Mainland Greece outside of Athens, can offer unique experiences, but is sadly overlooked by many tourists. You can find everything from ancient ruins, mountaintop monasteries and gorgeous landscapes to modern, cosmopolitan Greece.
Several of the sights are located near Athens. Northwest of the capital is Delphi, where the remains of the temple of Apollo is located. Travellers from all over the ancient world came to see the oracle at Delphi, called Pythia. The travellers asked questions, and she would answer with a prophecy, often ambiguous.
Cape Sounion lies on the top of a cliff southeast of Athens. Here the Greeks built a temple dedicated to Poseidon, the sea god. It is easy to see why, as the cliff plunges into the Aegean sea on three sides, and sailors who approached Athens were able to see the temple from many miles away.
If you travel west from Athens, you’ll reach ancient Corinth, on the narrow isthmus that separates the southern peninsula of the Peloponnese from the rest of Greece. This strategic position has made Corinth a strategically important city for millennia. Today the man made Corinth canal is the shortcut from the Aegean sea to the to the Gulf of Corinth, but in earlier times Corinth made much of its fortune by hauling the goods across land.
On the Peloponnese proper there are well-preserved ruins after many large settlements. Not far from Corinth is one of the oldest, the palace complex Mycenae. named after the Mycenae civilization. This was the last large civilization of the bronze age, around 1600-1200 BC, several hundred years before the Greek city states.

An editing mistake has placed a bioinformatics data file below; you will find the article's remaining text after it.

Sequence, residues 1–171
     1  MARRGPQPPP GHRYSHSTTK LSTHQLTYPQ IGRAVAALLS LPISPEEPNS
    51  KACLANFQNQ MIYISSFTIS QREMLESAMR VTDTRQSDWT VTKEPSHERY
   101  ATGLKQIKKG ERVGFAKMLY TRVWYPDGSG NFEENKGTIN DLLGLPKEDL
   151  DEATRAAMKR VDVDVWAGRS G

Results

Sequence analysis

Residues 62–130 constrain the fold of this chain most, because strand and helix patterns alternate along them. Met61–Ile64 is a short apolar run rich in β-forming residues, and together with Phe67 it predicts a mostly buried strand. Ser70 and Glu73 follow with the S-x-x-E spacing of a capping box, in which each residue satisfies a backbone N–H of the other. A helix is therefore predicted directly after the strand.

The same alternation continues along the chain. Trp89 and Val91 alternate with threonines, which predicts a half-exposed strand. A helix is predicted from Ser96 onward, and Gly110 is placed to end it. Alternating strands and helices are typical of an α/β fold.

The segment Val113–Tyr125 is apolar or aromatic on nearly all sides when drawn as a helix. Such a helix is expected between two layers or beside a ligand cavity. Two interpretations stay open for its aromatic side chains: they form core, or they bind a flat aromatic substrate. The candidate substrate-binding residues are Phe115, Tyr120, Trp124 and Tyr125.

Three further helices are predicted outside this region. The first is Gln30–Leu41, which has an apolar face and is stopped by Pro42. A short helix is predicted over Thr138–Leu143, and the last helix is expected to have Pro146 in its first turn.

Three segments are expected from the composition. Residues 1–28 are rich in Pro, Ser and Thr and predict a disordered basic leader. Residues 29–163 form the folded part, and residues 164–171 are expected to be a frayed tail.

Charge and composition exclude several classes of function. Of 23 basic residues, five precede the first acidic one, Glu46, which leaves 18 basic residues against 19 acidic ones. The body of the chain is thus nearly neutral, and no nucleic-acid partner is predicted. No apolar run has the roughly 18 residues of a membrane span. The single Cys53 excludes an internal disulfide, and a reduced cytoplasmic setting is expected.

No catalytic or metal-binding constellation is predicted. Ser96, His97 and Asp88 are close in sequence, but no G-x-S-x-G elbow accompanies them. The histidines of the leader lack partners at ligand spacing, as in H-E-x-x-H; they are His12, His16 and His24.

On the north east coast of the Peloponnese is Epidaurus, dedicated to the god of healing, Asklepios. Epidaurus is best known for its ancient Greek theatre, which is still used during the summer.
In equal distance from Epidaurus and Mycenae lies the still vibrant Nafplion. With marble pavements, Venetian architecture and surrounded by no less than three fortresses, this is one of the most picturesque towns in Greece,
Ancient Olympia was located in the western part, and was a center for religion and athletics. This was where the ancient olympic games were held between 776 BC and 393 AD.But it was also dedicated to the worship of Zeus, as suggested by the naming after Mount Olympos, home of the gods.
A highlight of central Greece is the Meteora, a series of 24 monasteries built during the Byzantine period, and almost impossibly perched on sandstone mountain tops. Monks still live in 6 of these monasteries, but they are open for visitors, and are one of the most spectacular sights in Greece.
Thessaloniki is the place to go if you want to see Greece at its most urban. Greece’s second largest city has a higher density of designer shops and cafés than anywhere else in the country, and a matching young population. At the same time, it is also an important center for the orthodox church, The internationl airport means there are direct flights to this northern Greek city from all over Europe.
Not far south from Thessaloniki is Chalkidiki, known for its many beach resorts. In sharp contrast, Chalkidiki’s easternmost peninsula, Mount Athos, is something as rare as an autonomous republic ruled by the 1700 monks that live in 20 monasteries. Only 10 non-orthodox men are allowed to visit the peninsula each day, but it’s possible to see the monasteries from boat trips around the coast.
As you can see, mainland Greece offers a bit of everything. If you are going to Greece, you should seriously consider visiting such sites as Meteora, Delphi, Corinth, Nafplion and Thessaloniki, just to get a different perspective of this varied country.